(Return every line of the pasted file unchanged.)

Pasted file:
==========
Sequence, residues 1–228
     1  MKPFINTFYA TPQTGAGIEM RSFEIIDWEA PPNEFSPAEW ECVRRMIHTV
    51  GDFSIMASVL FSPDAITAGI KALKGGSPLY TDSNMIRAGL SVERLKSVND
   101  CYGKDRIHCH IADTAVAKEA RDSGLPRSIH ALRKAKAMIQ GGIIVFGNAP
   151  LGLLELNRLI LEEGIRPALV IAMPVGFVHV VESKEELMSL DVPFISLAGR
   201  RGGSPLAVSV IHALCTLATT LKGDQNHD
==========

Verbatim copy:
Sequence, residues 1–228
     1  MKPFINTFYA TPQTGAGIEM RSFEIIDWEA PPNEFSPAEW ECVRRMIHTV
    51  GDFSIMASVL FSPDAITAGI KALKGGSPLY TDSNMIRAGL SVERLKSVND
   101  CYGKDRIHCH IADTAVAKEA RDSGLPRSIH ALRKAKAMIQ GGIIVFGNAP
   151  LGLLELNRLI LEEGIRPALV IAMPVGFVHV VESKEELMSL DVPFISLAGR
   201  RGGSPLAVSV IHALCTLATT LKGDQNHD